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A Comparison of Chemical Mechanisms Using Tagged Ozone Production Potential (Topp) Analysis : Volume 15, Issue 15 (10/08/2015)

By Coates, J.

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Book Id: WPLBN0003986708
Format Type: PDF Article :
File Size: Pages 14
Reproduction Date: 2015

Title: A Comparison of Chemical Mechanisms Using Tagged Ozone Production Potential (Topp) Analysis : Volume 15, Issue 15 (10/08/2015)  
Author: Coates, J.
Volume: Vol. 15, Issue 15
Language: English
Subject: Science, Atmospheric, Chemistry
Collections: Periodicals: Journal and Magazine Collection (Contemporary), Copernicus GmbH
Historic
Publication Date:
2015
Publisher: Copernicus Gmbh, Göttingen, Germany
Member Page: Copernicus Publications

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Butler, T. M., & Coates, J. (2015). A Comparison of Chemical Mechanisms Using Tagged Ozone Production Potential (Topp) Analysis : Volume 15, Issue 15 (10/08/2015). Retrieved from http://worldebooklibrary.com/


Description
Description: Institute for Advanced Sustainability Studies, Potsdam, Germany. Ground-level ozone is a secondary pollutant produced photochemically from reactions of NOx with peroxy radicals produced during volatile organic compound (VOC) degradation. Chemical transport models use simplified representations of this complex gas-phase chemistry to predict O3 levels and inform emission control strategies. Accurate representation of O3 production chemistry is vital for effective prediction. In this study, VOC degradation chemistry in simplified mechanisms is compared to that in the near-explicit Master Chemical Mechanism (MCM) using a box model and by tagging all organic degradation products over multi-day runs, thus calculating the tagged ozone production potential (TOPP) for a selection of VOCs representative of urban air masses. Simplified mechanisms that aggregate VOC degradation products instead of aggregating emitted VOCs produce comparable amounts of O3 from VOC degradation to the MCM. First-day TOPP values are similar across mechanisms for most VOCs, with larger discrepancies arising over the course of the model run. Aromatic and unsaturated aliphatic VOCs have the largest inter-mechanism differences on the first day, while alkanes show largest differences on the second day. Simplified mechanisms break VOCs down into smaller-sized degradation products on the first day faster than the MCM, impacting the total amount of O3 produced on subsequent days due to secondary chemistry.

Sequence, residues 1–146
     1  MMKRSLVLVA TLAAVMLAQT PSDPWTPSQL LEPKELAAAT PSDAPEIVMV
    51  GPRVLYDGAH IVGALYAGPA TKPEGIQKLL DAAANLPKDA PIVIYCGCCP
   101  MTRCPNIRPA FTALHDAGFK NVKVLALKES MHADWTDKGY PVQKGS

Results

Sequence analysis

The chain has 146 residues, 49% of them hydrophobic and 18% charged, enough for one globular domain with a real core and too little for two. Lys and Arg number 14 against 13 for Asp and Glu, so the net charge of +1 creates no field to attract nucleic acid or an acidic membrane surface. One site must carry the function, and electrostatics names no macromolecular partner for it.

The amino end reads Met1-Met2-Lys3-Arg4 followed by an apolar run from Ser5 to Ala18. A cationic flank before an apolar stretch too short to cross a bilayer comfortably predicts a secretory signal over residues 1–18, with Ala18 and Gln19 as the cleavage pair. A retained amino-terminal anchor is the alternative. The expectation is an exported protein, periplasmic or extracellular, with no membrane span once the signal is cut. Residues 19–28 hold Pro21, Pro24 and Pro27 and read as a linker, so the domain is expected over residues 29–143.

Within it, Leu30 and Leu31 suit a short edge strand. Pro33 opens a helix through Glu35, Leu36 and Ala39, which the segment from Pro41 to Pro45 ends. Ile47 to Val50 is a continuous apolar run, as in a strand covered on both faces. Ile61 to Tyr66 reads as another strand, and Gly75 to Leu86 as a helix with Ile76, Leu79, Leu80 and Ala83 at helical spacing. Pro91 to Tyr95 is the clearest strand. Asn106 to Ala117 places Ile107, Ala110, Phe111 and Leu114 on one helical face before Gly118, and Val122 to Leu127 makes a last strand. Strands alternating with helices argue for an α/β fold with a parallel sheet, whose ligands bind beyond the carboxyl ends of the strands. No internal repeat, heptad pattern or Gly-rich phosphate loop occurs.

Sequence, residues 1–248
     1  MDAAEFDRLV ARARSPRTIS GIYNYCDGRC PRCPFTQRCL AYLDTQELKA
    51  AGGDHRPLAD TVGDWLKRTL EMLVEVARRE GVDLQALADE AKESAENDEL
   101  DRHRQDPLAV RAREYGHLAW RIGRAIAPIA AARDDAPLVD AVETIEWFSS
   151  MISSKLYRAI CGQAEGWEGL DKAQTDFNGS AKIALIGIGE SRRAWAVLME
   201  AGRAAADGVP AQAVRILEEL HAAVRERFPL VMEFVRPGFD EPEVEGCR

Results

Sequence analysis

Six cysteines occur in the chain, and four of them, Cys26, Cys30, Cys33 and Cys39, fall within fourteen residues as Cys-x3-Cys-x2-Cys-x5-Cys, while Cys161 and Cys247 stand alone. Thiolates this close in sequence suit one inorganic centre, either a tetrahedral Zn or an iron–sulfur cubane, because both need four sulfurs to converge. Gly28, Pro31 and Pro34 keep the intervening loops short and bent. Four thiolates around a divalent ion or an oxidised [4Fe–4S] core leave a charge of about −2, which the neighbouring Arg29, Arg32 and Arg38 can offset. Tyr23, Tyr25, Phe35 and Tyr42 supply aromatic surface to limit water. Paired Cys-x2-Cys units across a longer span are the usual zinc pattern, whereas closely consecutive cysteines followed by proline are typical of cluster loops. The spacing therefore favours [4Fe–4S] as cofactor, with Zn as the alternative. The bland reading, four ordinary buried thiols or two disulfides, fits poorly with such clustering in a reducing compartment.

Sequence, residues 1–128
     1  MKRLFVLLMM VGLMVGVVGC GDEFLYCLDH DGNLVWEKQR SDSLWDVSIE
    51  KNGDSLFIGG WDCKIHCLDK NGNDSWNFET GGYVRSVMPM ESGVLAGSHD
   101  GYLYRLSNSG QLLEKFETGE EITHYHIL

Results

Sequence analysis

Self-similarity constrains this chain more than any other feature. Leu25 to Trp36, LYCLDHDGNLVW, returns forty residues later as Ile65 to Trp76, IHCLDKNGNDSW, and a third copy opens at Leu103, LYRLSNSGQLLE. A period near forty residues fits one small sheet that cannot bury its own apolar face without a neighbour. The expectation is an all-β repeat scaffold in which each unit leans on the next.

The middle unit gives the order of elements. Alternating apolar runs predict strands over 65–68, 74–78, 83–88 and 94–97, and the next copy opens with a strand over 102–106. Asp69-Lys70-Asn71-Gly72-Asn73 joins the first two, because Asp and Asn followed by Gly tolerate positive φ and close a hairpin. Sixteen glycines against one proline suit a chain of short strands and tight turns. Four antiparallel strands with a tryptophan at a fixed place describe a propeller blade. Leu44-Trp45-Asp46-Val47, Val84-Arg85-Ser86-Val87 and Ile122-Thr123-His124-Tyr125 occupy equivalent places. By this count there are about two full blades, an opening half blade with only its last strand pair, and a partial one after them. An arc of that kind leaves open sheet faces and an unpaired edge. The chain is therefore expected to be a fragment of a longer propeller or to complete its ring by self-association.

Summary
A comparison of chemical mechanisms using tagged ozone production potential (TOPP) analysis

Excerpt
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